I totally dropped the ball on our epistolary blogging with end-of-year projects, the holidays, and now carpal tunnel. (Update: new $80 Microsoft Wireless Ergonomic 7000 is worth it, even if the keys are stiff, and I am thinking of getting those wrist splint things.)
Anyway, I have no idea what we were talking about. So I'm switching subjects. I was thinking of offering my own thoughts on "game
," but then I realized I have nothing original to say and too little game/experience to offer any insight anyway. Also, wouldn't want to touch that with a ten foot pole.
Instead, today I talk to you about fashion, in contravention of our feminist ideals to disregard the beauty industrial complex and social constructions of feminity and beauty as created by the patriarchy (cough). I basically have a uniform of unbranded fleece jacket or peacoat, jeans, and whatever sneakers I feel like wearing that day. A few times a week I dress it up with dresses or skirts with tights (colored or herringbone knit) and riding boots or mary janes (I still walk to/from school). It's not that adventurous a wardrobe, and I'm limited by my lack of funds.
But I remember days of being more adventurous, and at least individual. Of course, that was because I was even poorer than I am now. When I was a kid, my mom shopped at K-Mart or made my clothes from cheap bolts of fabric. Girl, I had bright blue elastic-waisted pants that gathered at the ankles printed with ice cream cones. I also wore shoes with velcro strips until the age of nine. I remember getting a pair of much-coveted LA Gears or Keds and wearing them every day even when they got tight (such is my nostalgia that I have a pair each of "cool" redesigned LA Gears and Keds kicks). I wore shorts over tights in the winter. I wore discarded t-shirts from my brothers, and so would wear leggings (ugh, I was poor, what is Lindsay Lohan's excuse) with big t-shirts that said "Boston Sucks" in bright green. It took me a while to learn that was a reference to the Celtics. It was just a t-shirt to me. I am glad to be past these years, because no kid wants to wear ice cream pants or weird slogan t-shirts. It just screams poverty, and even then, I pined for the banality of Americana basics: khakis, t-shirts, cardigans. Instead I wore weird clothes, and wore them two days in a row (my mom said that they weren't dirty and so I wore clothes two days in a row before they went into the laundry) and bathed every other day (my mom said I would get sick if oftener). Man, I was the poor kid in funny clothes that repeated and I probably smelled weird. I am glad not to be there anymore. Things improved in junior high and high school, at least the bathing and clothes repeating thing (my hardy ability to survive baths and me getting a sense of independence and me doing my own laundry). But I was still odd. I was/am a small person who stopped growing at the age of 14 and 5'2", and so I was wearing Kids-R-Us well into high school--at the very least, sophomore year. This is why the early sexualization of little girls' clothing, and my nieces' low rise jeans, bewilder me.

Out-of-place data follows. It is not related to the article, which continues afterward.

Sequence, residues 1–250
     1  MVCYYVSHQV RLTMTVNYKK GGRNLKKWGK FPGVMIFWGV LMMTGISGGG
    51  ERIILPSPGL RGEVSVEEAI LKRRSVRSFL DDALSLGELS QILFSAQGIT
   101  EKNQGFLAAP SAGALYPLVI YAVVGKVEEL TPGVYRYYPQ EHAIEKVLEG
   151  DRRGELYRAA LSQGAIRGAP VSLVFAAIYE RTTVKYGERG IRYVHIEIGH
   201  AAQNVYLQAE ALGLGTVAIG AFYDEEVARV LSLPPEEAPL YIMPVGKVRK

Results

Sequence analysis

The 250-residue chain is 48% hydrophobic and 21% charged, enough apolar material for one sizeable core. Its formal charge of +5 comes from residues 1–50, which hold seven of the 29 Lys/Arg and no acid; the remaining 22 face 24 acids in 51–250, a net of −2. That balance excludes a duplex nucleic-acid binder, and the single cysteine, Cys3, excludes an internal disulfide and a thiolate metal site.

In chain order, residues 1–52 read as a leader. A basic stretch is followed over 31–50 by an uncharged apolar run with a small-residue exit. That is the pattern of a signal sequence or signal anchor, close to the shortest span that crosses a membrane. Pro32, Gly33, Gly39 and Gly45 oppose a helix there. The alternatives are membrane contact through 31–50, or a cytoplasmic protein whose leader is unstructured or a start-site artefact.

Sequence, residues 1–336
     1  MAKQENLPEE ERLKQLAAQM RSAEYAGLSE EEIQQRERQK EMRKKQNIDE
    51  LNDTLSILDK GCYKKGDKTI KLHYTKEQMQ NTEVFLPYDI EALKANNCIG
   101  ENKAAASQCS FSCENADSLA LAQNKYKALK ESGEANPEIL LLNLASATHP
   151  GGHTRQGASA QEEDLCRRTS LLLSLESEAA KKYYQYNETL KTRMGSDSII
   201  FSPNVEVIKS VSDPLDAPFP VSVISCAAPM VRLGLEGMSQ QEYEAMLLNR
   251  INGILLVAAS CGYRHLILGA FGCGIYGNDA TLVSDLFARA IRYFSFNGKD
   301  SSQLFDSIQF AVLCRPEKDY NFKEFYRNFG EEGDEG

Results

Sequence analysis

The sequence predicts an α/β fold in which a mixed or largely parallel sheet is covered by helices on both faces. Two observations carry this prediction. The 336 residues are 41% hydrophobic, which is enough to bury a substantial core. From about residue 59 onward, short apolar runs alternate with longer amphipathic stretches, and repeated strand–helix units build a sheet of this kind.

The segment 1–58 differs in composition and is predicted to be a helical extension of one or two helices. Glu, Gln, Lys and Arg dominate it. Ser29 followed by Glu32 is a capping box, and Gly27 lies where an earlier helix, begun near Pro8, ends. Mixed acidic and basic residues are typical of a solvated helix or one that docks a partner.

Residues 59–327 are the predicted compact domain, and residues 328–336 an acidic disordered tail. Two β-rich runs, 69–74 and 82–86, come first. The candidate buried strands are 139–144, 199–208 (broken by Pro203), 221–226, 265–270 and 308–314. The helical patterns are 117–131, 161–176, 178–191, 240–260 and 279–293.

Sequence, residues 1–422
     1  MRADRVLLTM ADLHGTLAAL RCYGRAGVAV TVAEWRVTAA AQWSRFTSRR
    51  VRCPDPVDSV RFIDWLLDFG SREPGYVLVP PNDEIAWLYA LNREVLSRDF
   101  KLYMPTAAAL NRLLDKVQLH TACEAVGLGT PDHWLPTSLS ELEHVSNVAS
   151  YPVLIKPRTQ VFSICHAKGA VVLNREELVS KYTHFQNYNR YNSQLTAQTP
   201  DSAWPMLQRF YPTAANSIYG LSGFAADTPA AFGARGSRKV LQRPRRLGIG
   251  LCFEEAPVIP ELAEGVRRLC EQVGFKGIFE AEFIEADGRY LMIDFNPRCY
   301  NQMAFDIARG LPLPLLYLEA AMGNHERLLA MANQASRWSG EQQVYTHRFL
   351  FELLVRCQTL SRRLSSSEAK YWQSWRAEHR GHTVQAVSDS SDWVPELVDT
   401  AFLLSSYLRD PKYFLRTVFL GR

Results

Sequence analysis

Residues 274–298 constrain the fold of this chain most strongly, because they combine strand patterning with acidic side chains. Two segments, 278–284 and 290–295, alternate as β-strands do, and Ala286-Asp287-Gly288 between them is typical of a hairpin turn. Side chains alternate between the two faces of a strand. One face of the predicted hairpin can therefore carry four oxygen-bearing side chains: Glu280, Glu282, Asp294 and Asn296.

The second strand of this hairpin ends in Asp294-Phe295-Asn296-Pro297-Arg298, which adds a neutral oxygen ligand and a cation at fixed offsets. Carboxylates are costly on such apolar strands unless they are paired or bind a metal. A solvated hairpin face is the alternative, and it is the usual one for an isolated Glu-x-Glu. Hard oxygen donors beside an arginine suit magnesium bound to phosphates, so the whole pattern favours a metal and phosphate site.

Fast forward to college: things improved, at least I started shopping at Gap and Old Navy on sale (hell, I still do). My late bloominess in college made it difficult to keep on wearing kids clothes, although I still do have two mackintosh jackets from Gap Girls (the XL pants, alas, have given way to the womanly hips, and no way can I fit an XL or even XXL shirt now). Know what's great? Boys clothes. I have a sailing jacket from Old Navy and a fleece jacket from Gap Boys. I also, as a size 7 shoe woman, wear size 6 kids shoes.
And with that look I arrived at law school in one of the most looks-conscious, high-maintenance cities in the country. I wore wide-legged red pants, kids clothes, loved big brooches (I so was the trendsetter before Michelle Obama!) and tied scarves around my neck or as headbands (I so was the trendsetter before that show I never watch, Gossip Girl!). I wore chunky heeled mary janes and lots of jewelry. It took me till third year to grow out my hair, get some bootcut jeans, force myself to wear heels (dude, girls were wearing stilettos with their backpacks and Seven jeans), and limit myself to the ubitquitous big hoop earrings. I fit in, but I looked really boring, even if I looked "prettier."
So, my question to you my stylish and feminist friend: nevermind the question of who we dress for or for whom do we amp up the sex appeal--how do you balance individualism with fitting in? What do you think your exterior says about your interior? This is a fairly broad question, but fashion is as good an example as any. In my new city, fitting in is much less looks-conscious: a fleece, jeans, and sneakers and I'm just like the rest, and there's not even a brand-consciousness here (there's an entire culture of outdoorsiness, coming here is what made me learn about other brands from which to buy my performance gear). I stand out if I dress up. In my old city, I stood out because I looked weird. I like fitting in and not being asked here, whether I have a special date later, and there, not being asked "oh, you shop at Gap Kids?"
But I kind of miss being weird. I'm not talking about weird knitted hat and dreds different (not cool if you are white/Asian, people). Just the sparkly magpie bizarro joy I brought to my every day. RIght now I'm wearing a black sheath dress and a teal cardigan and my makeup is light and natural (no more retro red lips!), and I look great and womanly and adult. I also feel like a tool. But I guess I've decided, in my adulthood, that I'd rather fit in and look "normal" than to have yet another aspect of my identity (and really, are clothes so central) questioned. There's other ways I articulate my individualism. I am losing them, but I am sure they exist.